to this day.
The kit is well packaged
with exploded view drawings and step-by-step constructional details. Assembly
proceeds by following a logical sequence of numbered sections and the packaging
comprises a number of smaller boxes containing the parts for that particular
section. All fixings are supplied, as are basic tools for assembly, although it
will be necessary to have to hand a range of normal modelers’ tools such as
Swiss files, tweezers, etc.
The first, and in many
ways, most vital task of any Aster kit construction involves the lapping of the
cylinder port faces and slide valves. This
is necessary to remove any roughness left by the milling cutters and to ensure
that the slide valves achieve a good seal as they pass over the steam ports.
A piece of 1000 grit wet ‘n dry paper is included in the kit, which is
wetted and laid on a flat surface (I use a piece of plate glass) for the process
of lapping by applying a ‘fore and aft’ motion to the inverted cylinder.
Great care is needed to apply even pressure during this process;
otherwise the resulting surface may not be perfectly flat, especially at the
corners. A bit of extra effort here
will result in a very smooth running engine right from the outset, which is its
As the construction
sequence calls for the fitting of the main driving wheels at an early stage, as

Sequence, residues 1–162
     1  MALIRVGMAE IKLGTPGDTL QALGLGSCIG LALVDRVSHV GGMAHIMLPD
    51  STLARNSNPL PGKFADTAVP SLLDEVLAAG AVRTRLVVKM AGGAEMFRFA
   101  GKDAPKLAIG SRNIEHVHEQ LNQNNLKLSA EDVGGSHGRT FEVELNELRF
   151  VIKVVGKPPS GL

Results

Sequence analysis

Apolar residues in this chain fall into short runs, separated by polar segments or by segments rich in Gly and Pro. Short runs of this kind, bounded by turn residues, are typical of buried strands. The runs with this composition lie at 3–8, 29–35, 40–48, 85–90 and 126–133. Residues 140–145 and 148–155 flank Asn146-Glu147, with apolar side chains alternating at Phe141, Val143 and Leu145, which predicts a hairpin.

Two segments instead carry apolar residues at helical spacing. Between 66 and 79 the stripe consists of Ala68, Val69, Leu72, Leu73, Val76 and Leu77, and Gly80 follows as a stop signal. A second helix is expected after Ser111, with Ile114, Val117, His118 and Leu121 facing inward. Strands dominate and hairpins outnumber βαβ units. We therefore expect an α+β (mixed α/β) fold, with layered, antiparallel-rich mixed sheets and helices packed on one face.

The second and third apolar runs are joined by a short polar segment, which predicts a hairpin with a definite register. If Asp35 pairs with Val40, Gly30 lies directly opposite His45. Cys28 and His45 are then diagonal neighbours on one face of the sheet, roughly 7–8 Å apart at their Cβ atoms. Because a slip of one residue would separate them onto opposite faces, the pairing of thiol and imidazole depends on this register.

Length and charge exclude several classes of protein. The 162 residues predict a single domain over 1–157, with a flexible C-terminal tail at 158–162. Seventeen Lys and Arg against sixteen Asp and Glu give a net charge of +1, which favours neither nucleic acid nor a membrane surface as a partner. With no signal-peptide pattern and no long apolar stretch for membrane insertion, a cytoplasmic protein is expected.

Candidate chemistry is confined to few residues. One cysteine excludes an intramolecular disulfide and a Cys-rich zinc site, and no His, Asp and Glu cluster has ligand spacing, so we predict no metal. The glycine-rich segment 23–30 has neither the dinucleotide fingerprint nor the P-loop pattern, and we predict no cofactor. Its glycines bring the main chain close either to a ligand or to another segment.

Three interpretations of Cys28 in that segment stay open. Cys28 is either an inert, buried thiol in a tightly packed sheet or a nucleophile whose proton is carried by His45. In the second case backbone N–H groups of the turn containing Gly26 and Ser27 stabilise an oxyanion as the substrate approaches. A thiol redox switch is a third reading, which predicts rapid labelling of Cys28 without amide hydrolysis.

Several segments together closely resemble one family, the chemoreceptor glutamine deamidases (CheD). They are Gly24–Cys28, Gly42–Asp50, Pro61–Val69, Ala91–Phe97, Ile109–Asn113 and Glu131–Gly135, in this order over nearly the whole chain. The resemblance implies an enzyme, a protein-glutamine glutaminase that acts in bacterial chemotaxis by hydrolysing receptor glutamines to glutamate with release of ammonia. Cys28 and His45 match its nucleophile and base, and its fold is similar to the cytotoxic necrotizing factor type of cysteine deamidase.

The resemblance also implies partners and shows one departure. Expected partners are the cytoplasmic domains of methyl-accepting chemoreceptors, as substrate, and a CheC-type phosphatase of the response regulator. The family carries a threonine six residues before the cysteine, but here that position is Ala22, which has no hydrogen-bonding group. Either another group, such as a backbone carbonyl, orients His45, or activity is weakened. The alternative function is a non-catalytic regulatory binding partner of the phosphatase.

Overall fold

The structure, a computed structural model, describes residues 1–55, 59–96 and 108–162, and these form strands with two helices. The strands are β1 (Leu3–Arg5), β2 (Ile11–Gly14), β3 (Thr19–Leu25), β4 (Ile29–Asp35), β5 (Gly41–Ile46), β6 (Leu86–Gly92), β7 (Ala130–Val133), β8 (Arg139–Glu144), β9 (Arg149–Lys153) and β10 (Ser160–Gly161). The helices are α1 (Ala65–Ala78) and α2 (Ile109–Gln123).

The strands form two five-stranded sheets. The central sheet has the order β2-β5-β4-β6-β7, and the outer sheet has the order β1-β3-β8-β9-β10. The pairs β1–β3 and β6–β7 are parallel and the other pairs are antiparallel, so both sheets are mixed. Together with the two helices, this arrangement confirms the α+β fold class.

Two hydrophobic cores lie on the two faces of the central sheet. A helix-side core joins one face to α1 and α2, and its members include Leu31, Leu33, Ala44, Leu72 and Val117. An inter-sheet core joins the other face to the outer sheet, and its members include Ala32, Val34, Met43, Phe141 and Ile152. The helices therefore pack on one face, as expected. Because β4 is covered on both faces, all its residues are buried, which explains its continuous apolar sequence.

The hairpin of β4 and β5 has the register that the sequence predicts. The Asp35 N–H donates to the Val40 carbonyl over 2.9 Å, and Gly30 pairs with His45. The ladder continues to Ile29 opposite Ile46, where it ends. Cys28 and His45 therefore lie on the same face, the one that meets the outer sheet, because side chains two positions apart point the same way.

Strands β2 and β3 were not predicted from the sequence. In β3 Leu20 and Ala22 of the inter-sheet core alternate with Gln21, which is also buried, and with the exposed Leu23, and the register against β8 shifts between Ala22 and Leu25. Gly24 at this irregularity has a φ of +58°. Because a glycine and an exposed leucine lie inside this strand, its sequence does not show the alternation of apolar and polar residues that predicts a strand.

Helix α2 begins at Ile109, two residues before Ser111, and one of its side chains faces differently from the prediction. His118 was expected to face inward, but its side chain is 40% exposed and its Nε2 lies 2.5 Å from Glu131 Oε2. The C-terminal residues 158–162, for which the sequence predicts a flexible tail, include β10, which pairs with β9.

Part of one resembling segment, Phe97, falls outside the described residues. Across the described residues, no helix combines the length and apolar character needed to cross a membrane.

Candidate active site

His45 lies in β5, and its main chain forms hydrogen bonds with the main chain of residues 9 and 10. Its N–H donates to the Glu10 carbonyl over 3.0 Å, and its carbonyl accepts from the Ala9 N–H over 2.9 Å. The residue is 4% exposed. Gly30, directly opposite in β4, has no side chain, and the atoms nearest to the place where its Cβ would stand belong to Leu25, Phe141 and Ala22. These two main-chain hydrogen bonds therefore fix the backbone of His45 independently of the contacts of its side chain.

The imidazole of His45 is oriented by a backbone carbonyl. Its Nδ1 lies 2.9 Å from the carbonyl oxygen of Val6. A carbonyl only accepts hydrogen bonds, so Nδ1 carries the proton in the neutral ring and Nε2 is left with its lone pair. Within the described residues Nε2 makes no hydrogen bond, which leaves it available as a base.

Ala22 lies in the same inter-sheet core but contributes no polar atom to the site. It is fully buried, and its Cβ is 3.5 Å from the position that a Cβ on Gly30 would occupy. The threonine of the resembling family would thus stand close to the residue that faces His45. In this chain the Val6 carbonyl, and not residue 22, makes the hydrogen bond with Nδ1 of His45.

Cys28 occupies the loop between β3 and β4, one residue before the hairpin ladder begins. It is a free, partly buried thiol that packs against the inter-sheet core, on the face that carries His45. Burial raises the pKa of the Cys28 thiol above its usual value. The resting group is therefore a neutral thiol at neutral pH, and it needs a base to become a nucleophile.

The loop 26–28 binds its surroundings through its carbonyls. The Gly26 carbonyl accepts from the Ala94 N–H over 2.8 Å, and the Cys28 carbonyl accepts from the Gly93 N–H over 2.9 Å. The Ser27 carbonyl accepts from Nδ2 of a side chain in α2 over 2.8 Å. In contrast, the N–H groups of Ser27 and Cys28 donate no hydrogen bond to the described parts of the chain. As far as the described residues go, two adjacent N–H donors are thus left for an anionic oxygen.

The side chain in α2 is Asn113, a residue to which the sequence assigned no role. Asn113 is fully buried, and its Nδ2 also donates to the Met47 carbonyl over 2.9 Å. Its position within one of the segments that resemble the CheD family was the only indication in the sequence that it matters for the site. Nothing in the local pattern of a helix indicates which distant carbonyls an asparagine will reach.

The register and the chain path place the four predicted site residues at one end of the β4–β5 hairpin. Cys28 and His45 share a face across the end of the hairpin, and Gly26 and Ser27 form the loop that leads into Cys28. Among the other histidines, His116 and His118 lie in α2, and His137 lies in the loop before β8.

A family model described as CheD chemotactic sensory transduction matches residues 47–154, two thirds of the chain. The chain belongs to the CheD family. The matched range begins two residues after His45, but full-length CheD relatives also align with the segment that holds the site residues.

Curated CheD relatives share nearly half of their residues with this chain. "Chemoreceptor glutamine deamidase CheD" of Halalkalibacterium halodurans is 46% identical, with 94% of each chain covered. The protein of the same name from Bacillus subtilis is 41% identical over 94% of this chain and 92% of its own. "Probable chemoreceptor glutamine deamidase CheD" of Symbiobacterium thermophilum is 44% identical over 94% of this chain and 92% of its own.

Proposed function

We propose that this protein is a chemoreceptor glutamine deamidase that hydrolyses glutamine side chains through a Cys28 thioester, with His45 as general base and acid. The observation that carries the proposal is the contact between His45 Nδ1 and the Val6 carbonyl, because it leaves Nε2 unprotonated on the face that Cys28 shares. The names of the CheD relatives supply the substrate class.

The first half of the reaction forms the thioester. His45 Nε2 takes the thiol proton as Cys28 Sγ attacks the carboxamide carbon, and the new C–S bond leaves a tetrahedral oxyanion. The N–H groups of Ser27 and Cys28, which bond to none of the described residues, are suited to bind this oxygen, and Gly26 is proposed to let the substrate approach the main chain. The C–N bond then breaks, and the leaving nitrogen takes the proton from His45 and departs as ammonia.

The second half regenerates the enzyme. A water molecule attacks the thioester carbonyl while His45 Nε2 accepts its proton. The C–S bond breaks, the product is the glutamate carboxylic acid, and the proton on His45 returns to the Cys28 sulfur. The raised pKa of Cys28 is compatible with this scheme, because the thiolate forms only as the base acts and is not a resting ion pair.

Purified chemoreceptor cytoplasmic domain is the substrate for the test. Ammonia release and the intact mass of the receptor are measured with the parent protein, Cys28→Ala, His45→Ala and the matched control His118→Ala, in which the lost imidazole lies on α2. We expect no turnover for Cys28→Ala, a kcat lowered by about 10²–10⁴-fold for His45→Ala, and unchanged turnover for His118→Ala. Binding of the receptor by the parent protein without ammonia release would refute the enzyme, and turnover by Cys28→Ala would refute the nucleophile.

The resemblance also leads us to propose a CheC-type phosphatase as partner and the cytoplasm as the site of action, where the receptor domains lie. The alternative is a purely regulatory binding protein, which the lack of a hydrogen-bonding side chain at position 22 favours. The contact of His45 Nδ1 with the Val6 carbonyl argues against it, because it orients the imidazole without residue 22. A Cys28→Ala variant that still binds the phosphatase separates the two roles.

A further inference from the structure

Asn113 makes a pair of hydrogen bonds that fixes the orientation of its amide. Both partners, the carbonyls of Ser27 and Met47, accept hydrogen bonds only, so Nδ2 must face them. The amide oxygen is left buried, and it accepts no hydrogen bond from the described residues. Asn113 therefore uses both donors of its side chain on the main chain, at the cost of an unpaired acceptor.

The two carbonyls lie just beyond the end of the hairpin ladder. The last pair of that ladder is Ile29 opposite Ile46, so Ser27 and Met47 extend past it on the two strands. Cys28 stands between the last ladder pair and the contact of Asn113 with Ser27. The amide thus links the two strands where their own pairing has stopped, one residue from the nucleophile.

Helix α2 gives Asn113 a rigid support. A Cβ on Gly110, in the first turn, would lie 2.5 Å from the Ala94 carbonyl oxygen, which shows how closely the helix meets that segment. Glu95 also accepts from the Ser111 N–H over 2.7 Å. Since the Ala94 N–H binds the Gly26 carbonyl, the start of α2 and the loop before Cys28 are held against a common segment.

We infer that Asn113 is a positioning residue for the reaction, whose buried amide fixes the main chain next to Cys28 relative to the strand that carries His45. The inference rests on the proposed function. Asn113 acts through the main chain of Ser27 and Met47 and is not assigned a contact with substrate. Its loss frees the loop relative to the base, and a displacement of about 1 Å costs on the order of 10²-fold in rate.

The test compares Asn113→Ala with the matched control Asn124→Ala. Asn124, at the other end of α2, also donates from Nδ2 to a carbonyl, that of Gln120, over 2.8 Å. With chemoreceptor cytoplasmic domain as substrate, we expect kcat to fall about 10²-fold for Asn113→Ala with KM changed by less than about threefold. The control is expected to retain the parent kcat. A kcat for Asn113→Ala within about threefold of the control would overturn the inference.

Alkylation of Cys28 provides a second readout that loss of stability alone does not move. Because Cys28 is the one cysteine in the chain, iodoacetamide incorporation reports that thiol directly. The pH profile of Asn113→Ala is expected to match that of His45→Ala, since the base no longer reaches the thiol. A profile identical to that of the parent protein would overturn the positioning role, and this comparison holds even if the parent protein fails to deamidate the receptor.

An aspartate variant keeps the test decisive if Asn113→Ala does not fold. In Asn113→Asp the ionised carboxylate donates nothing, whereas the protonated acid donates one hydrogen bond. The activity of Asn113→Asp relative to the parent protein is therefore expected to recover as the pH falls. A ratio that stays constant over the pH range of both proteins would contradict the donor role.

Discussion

mentioned previously it was necessary to paint and line the wheels before
construction commenced. There is always a great temptation to just to dip into
the kit and complete whichever item takes your fancy, but this is not
recommended for a beginner. There are often good reasons why the assembly
sequence should be followed as prescribed in the instructions to help avoid
problems further down line.
At this stage the cylinders
are assembled to the frames together with the prototypical Gresley/Holcroft 2:1
conjugated valve gear mechanism. The centre cylinder is mounted with the port
face facing downward i.e. with the steam chest underneath the cylinder. This
also enables easy access to the slide valve for setting purposes. With the
cylinders in place and slide valves roughly positioned on their spindles, slide
bars, coupling rods and valve gear can be fitted. Unlike some previous kits I
have assembled, I was delighted by the excellent fit of most of the parts on the
Aster A3, with only a minimum of adjustment required to achieve a freely running